The Galaxy Book Flex 5G is official as of today, with Samsung announcing its latest premium notebook line in parallel with the launch of the 11th generation of Intel’s processors. It’s also the world’s first laptop range with both 5G support and Intel Evo certification of excellence, which includes guarantees of instant system wake time and extremely long-lasting battery life in real-world scenarios. Naturally, the 2-in-1 series leverages some of the higher-end chips based on the so-called “Tiger Lake” architecture. Samsung promised variants with i5 and i7 CPUs, though it isn’t being too specific on the exact models we’re going to see.
That’s not exactly a huge issue as the main differences between the two i5 and three i7 chips Intel announced just minutes ago is their approach to balancing energy consumption with raw computing power. And as the division line Intel drew here is at the 15W/25W peak, it’s to be assumed the Galaxy Book Flex 5G series will either exclusively or largely make use of the higher-powered Tiger Lake CPUs as all of the new models will be using a 70Wh battery.
Samsung wants to make the Galaxy Book Flex 5G synonymous with power
If there’s one word Samsung wants you to remember from today’s announcement, that would be “power.” Seriously, it mentioned it exactly eight times in about as many paragraphs. Meaning its entire product pitch lives and dies by yet another refinement of Intel’s 10nm process. Which may have reached meme status in recent years and the actual technology may be falling behind AMD in some departments, but let’s not get emotionally invested into a fistfight between two giant conglomerates but instead be glad competition exists.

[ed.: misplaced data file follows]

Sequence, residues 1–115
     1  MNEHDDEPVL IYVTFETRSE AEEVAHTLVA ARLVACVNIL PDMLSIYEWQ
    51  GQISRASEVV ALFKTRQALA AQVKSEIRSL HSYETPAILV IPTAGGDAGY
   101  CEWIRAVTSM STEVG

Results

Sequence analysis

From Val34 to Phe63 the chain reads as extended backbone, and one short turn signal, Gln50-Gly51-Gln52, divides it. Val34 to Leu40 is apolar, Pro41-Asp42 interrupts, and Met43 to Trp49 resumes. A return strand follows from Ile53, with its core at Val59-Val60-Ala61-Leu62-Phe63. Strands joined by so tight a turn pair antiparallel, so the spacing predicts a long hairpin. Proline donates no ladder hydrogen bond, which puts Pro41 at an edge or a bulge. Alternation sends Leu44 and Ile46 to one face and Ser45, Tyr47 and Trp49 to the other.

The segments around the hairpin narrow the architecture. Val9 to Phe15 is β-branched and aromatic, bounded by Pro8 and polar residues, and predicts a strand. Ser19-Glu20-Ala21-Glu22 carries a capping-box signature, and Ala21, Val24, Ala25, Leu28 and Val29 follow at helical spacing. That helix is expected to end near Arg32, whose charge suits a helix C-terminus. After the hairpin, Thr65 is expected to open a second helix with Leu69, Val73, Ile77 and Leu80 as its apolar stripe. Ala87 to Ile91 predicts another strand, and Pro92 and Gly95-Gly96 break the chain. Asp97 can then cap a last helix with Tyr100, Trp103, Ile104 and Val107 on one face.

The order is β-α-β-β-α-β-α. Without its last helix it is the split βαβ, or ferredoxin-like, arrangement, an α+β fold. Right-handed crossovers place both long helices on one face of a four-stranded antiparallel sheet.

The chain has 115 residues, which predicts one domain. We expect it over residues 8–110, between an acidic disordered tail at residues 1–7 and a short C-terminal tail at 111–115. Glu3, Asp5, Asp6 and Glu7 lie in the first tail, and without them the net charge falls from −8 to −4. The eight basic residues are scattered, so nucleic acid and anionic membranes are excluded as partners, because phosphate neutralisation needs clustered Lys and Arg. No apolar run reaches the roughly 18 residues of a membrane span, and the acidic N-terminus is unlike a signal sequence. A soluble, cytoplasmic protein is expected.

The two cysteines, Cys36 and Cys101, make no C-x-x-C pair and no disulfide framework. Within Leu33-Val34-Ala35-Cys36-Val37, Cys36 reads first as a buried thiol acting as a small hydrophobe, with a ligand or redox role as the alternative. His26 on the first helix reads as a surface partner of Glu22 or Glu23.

As for the Tiger Lake CPUs, all of the ones that will power the Galaxy Book Flex 5G will feature Intel’s new Iris Xe graphics chips, which are pretty amazing for many reasons beyond their value as an excuse for writing in superscript. Because Intel® Iris® Xe™(trademark pending, probably) promises up to 20% faster processing and 20% lower power consumption, depending on the use case. That should result in roughly one hour of extra battery life compared to the original Galaxy Book Flex models.
At 96 execution units, a third more than last-gen Iris Plus GPUs, the integrated version of Intel Xe should be twice as powerful, assuming properly optimized applications. This is a huge boost for gaming and something that will make high-end gaming much more feasible on Samsung’s latest notebook range. Not that it was out of the question up until now, but there’s only so much you can do inside a 14.9mm chasis before throttling ruins your day without paying a lot of money to world-class chip architects.
The rest of the specs are pretty much identical to the Galaxy Book Flex range released ten months back, but in case you need a refresher, you can find them listed below. Samsung will confirm pricing and availability for the Galaxy Book Flex 5G lineup in due course.